Singapore Divorce Process: Things To Know About Getting Divorced
AspectLaw | December 7, 2021
Filing for a divorce is a complicated process that can be simplified if you have a good understanding of Singapore’s divorce process. It is also critical to engage a reliable family lawyer to assist you with divorce proceedings so that you do not overlook important documents and procedures.
If you have decided to file for a divorce, here are the basics of the Singapore divorce process you should know.
In this article, the person seeking a divorce will be referred to as the Plaintiff, while the other spouse, the Defendant.
Eligibility for Divorce
To obtain a divorce in Singapore, you or your spouse must meet the eligibility requirements outlined in sections 93 and 94 of the Women’s Charter:
- Be domiciled in Singapore at the point of the commencement of divorce proceedings OR habitually resident in Singapore for at least 3 years before the commencement of divorce proceedings; and
- Have been married for at least 3 years, unless the party filing for divorce has suffered exceptional hardship or exceptionally unreasonable and cruel behaviour.
There are two stages to Singapore’s divorce process; the Dissolution of Marriage and Ancillary Matters.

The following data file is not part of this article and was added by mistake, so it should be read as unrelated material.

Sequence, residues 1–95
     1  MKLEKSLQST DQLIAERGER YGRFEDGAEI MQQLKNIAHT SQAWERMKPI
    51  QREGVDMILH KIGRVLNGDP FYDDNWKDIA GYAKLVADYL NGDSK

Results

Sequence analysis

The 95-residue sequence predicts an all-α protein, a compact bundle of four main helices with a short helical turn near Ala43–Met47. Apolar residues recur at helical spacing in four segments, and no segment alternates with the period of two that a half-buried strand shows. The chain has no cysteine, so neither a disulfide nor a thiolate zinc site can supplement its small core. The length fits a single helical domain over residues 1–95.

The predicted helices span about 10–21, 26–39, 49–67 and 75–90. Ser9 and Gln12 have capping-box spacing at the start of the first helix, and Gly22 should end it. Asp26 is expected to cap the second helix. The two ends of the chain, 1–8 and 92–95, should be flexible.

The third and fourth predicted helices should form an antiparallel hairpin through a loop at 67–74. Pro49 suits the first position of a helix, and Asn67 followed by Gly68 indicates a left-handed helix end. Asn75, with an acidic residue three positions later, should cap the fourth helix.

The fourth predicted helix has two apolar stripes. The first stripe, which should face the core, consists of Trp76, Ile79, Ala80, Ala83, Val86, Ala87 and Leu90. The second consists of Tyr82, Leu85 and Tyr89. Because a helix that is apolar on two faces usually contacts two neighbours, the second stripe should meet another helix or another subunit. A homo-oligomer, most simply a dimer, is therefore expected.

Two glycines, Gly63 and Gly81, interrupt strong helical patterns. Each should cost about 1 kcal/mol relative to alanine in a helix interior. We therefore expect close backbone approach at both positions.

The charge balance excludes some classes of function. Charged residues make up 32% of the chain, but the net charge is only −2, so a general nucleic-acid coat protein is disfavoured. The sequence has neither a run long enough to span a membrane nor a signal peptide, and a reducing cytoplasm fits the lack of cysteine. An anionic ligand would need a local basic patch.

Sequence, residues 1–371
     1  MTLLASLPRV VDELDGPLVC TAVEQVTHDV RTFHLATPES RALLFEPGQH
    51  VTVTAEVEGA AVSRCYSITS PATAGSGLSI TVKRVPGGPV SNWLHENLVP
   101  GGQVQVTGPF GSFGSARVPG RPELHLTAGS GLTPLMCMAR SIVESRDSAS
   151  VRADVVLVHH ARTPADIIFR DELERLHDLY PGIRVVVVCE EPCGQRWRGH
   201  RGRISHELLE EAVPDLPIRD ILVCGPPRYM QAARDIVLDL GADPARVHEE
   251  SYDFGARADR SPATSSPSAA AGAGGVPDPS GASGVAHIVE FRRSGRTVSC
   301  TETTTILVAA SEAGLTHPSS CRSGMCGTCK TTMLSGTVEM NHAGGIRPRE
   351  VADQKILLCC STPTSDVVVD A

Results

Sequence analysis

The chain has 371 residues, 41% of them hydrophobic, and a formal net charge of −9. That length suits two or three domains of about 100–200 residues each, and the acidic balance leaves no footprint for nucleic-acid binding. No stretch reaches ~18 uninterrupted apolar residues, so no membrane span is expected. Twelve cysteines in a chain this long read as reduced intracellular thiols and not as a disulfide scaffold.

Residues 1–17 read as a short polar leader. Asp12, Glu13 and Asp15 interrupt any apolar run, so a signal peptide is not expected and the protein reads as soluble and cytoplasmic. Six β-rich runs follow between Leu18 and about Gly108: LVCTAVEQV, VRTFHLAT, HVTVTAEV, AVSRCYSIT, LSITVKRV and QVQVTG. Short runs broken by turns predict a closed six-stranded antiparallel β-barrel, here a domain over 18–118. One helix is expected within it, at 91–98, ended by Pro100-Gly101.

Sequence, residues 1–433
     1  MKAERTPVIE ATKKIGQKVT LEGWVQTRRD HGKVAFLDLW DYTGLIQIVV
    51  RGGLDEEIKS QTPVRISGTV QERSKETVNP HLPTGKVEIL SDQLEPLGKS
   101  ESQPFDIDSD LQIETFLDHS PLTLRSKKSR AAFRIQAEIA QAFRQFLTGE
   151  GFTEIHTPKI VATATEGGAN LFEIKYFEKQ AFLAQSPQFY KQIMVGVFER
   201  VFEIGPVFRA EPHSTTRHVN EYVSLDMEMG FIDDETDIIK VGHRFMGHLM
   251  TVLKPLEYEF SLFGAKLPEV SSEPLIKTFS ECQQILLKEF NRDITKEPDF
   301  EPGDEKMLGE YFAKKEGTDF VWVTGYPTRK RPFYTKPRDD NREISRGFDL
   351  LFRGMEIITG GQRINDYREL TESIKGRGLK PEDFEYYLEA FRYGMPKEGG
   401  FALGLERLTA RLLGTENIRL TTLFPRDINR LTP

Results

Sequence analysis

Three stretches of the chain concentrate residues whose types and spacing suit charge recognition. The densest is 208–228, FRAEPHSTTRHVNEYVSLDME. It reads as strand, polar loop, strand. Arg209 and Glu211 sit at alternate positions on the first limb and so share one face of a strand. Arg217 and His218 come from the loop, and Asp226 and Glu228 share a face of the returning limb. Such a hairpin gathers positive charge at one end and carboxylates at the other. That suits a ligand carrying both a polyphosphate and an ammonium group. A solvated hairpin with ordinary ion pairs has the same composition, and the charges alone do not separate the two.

Singapore Divorce Process
Stage 1: Dissolution of Marriage
At this stage, you are required to file a number of documents in Court. You may choose to prepare your own divorce papers, but we recommend that you have them prepared by a family lawyer in Singapore to ensure that you do not miss anything.
(Litigants in Person will not be excused from the highly complex procedural requirements of conducting court proceedings and the Court will still hold Litigants in Person to the same standard of any other lawyer.)
Once your divorce documents are in order, the Court will accept them for filing and provide you with a sealed copy of them that has been electronically affixed with the Court seal.
The sealed copies must then be served on the Defendant to notify him or her that divorce proceedings have begun in Court. These documents include:
- Writ for Divorce
- Statement of Claim
- Statement of Particulars
- Proposed Parenting Plan
- Proposed Matrimonial Property Plan
- Acknowledgement of Service; and
- Memorandum of Appearance
Grounds for Divorce in Singapore
The Plaintiff must also establish the grounds for divorce. In Singapore, there is only one legal ground for divorce; the irretrievable breakdown of marriage. There are five ways to prove that, which are as follows:
- Unreasonable Behaviour
- Separation for at least 4 years
- Separation for at least 3 years if the Defendant consents to the divorce
If the Court is satisfied that the marriage has irretrievably broken down, whether proven in court or by consent of the parties, the Court will grant an interim judgment dissolving the marriage. The divorce case will then move on to stage 2 – Ancillary Matters. This is provided that the Defendant does not contest the divorce.
The Defendant will have to file a Memorandum of Appearance and a Defence should he or she wish to contest the divorce.
Stage 2: Ancillary Matters